He went into Nobori-cho by the way the priests had taken as they escaped, but he did not get far; the fire along the streets was so fierce that he had to turn back. He walked to the riverbank and began to look for a boat in which he might carry some of the most severely injured across the river from Asano Park and away from the spreading fire. Soon he found a good-sized pleasure punt drawn up on the bank, but in and around it was an awful tableau—five dead men, nearly naked, badly burned, who must have expired more or less all at once, for they were in attitudes which suggested that they had been working together to push the boat down into the river.
I must use it for others, who are alive.
There were no oars, and all he could find for propulsion was a thick bamboo pole. He worked the boat upstream to the most crowded part of the park and began to ferry the wounded. He could pack ten or twelve into the boat for each crossing, but as the river was too deep in the center to pole his way across, he had to paddle with the bamboo, and consequently each trip took a very long time. He worked several hours that way. Early in the afternoon, the fire swept into the woods of Asano Park. The first Mr. Tanimoto knew of it was when, returning in his boat, he saw that a great number of people had moved toward the riverside.
Tanimoto sent some to look for buckets and basins and told others to beat the burning underbrush with their clothes; when utensils were at hand, he formed a bucket chain from one of the pools in the rock gardens. The team fought the fire for more than two hours, and gradually defeated the flames. As Mr. Among those driven into the river and drowned were Mrs.
Matsumoto, of the Methodist School, and her daughter. When Father Kleinsorge got back after fighting the fire, he found Father Schiffer still bleeding and terribly pale. He had brought Dr. Kanda had seen his wife and daughter dead in the ruins of his hospital; he sat now with his head in his hands.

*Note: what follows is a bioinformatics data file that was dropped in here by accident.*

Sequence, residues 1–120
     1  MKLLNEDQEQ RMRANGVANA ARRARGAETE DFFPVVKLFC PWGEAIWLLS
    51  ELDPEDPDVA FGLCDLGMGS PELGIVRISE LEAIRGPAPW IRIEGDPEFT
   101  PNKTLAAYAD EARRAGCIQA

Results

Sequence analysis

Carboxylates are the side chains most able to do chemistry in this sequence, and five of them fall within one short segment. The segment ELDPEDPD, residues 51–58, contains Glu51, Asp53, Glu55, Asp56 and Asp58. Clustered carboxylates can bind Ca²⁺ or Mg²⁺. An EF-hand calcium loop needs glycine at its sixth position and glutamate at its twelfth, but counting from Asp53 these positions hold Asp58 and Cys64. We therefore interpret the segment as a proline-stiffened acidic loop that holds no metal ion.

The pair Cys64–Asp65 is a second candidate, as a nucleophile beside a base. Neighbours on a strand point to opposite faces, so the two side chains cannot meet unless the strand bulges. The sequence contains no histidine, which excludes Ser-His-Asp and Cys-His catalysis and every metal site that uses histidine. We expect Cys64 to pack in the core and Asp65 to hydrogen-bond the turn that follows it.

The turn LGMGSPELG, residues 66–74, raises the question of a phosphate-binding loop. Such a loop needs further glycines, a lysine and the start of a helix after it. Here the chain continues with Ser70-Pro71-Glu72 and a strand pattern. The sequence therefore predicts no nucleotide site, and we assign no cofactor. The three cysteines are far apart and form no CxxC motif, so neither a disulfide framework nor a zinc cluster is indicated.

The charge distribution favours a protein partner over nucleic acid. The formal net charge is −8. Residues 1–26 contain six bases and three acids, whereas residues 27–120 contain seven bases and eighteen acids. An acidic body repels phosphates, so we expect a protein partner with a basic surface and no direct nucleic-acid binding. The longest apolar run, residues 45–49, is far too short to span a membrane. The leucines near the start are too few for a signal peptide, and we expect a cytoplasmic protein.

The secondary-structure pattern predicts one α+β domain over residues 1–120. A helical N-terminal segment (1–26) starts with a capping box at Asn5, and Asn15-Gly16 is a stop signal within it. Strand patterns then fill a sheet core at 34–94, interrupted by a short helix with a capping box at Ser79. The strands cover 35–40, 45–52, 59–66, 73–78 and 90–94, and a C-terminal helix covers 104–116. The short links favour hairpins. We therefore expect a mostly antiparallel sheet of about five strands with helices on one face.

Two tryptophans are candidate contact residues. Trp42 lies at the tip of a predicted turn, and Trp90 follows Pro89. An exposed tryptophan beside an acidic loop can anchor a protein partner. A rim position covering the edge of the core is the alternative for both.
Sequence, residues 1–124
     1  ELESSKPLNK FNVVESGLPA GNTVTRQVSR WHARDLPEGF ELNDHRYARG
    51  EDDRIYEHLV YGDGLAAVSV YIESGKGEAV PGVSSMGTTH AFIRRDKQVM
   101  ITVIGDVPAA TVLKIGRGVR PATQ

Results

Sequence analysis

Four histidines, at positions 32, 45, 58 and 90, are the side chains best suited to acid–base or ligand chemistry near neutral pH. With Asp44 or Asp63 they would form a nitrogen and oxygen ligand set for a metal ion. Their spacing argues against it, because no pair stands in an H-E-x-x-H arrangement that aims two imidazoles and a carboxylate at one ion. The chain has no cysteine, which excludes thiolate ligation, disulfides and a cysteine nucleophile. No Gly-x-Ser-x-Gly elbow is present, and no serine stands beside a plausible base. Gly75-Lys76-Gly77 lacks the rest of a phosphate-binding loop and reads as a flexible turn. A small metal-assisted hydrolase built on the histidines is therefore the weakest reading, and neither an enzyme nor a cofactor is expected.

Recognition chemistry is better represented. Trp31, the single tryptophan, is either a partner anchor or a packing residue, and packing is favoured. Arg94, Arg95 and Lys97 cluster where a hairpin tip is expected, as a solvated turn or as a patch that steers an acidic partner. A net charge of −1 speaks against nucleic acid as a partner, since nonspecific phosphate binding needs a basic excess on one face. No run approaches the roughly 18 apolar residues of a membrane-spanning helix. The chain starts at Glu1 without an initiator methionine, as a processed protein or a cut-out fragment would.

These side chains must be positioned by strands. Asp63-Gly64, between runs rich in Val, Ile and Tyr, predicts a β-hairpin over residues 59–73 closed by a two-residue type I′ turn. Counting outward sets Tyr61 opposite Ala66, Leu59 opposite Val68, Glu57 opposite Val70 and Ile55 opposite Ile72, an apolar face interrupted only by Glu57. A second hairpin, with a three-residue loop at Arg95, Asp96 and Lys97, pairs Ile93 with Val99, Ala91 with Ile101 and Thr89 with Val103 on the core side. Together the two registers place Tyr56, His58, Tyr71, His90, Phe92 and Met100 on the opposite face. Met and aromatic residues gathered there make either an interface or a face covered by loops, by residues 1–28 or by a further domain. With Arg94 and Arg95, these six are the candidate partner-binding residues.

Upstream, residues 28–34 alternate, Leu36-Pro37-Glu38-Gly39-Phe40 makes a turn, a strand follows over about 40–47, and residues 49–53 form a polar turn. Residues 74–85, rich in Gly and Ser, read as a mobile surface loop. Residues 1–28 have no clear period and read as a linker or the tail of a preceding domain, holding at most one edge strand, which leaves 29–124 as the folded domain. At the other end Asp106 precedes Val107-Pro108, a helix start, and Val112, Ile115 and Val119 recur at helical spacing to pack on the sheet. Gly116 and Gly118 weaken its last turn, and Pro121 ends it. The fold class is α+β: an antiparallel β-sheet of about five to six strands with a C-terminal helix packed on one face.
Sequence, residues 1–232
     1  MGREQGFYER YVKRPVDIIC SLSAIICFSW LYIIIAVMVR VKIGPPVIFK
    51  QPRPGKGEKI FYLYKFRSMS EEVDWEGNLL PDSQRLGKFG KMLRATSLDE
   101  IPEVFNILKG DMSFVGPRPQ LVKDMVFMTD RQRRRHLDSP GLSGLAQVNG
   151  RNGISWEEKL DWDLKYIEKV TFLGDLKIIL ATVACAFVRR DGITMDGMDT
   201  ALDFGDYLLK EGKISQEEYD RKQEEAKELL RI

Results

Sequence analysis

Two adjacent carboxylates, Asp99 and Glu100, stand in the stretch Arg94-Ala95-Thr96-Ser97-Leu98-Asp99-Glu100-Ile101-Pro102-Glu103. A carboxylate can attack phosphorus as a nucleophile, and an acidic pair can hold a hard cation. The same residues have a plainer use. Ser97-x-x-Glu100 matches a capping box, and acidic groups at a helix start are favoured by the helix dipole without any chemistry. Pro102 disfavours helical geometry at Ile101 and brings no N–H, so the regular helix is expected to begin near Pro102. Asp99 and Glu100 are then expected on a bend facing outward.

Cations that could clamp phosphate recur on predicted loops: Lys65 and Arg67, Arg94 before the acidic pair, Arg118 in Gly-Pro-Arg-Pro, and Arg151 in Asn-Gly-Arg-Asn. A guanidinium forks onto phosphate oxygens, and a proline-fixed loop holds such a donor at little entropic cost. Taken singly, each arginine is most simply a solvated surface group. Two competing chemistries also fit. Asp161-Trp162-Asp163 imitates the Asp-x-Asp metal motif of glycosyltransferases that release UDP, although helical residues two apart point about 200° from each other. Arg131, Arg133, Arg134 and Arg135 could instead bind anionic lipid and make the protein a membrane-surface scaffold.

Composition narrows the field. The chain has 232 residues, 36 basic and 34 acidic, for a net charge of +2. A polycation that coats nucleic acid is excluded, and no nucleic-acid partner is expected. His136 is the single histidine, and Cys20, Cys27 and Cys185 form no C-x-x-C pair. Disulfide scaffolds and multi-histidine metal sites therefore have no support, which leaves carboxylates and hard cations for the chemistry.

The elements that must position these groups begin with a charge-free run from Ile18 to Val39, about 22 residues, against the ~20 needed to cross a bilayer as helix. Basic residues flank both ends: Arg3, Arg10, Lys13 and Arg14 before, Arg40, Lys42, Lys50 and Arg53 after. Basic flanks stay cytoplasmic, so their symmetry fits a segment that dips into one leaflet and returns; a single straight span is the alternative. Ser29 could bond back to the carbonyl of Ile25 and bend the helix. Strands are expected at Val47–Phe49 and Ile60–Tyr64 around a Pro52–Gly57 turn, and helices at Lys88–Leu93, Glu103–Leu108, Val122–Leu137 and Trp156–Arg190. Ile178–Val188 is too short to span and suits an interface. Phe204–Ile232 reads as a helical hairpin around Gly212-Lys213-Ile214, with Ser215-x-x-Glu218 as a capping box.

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The roar of approaching planes was heard about this time. Nakamura took the blouses off her children, and opened her umbrella and made them get under it. A great number of people, even badly burned ones, crawled into bushes and stayed there until the hum, evidently of a reconnaissance or weather run, died away. It began to rain. Nakamura kept her children under the umbrella. But the drops were palpably water, and as they fell, the wind grew stronger and stronger, and suddenly—probably because of the tremendous convection set up by the blazing city—a whirlwind ripped through the park.
Huge trees crashed down; small ones were uprooted and flew into the air. Higher, a wild array of flat things revolved in the twisting funnel—pieces of iron roofing, papers, doors, strips of matting. The gale blew Mrs. Murata, the mission housekeeper, who was sitting close by the river, down the embankment at a shallow, rocky place, and she came out with her bare feet bloody.
The vortex moved out onto the river, where it sucked up a waterspout and eventually spent itself. After the storm, Mr. Tanimoto began ferrying people again, and Father Kleinsorge asked the theological student to go across and make his way out to the Jesuit Novitiate at Nagatsuka, about three miles from the center of town, and to request the priests there to come with help for Fathers Schiffer and LaSalle.
Stop What You’re Doing and Read…To Make You Laugh: The Diary of a Nobody & Three Men in a Boat
The student got into Mr. Father Kleinsorge asked Mrs. Nakamura if she would like to go out to Nagatsuka with the priests when they came. She said she had some luggage and her children were sick—they were still vomiting from time to time, and so, for that matter, was she—and therefore she feared she could not.
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- Stop What You're Doing and Read...To Make You Laugh: The Diary of a Nobody & Three Men in a Boat.
- Sprachspiel mit Idiomen: Eine Untersuchung zur Modifikation von Phrasemen in Günter Grass Prosawerk Die Blechtrommel (German Edition)!
- Chaplain to the Caboose : Sermons of Faith, Hope & Love.
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- Gefährliche Begierde: Kriminalthriller (German Edition).
He said he thought the fathers from the Novitiate could come back the next day with a pushcart to get her. Late in the afternoon, when he went ashore for a while, Mr. Tanimoto, upon whose energy and initiative many had come to depend, heard people begging for food.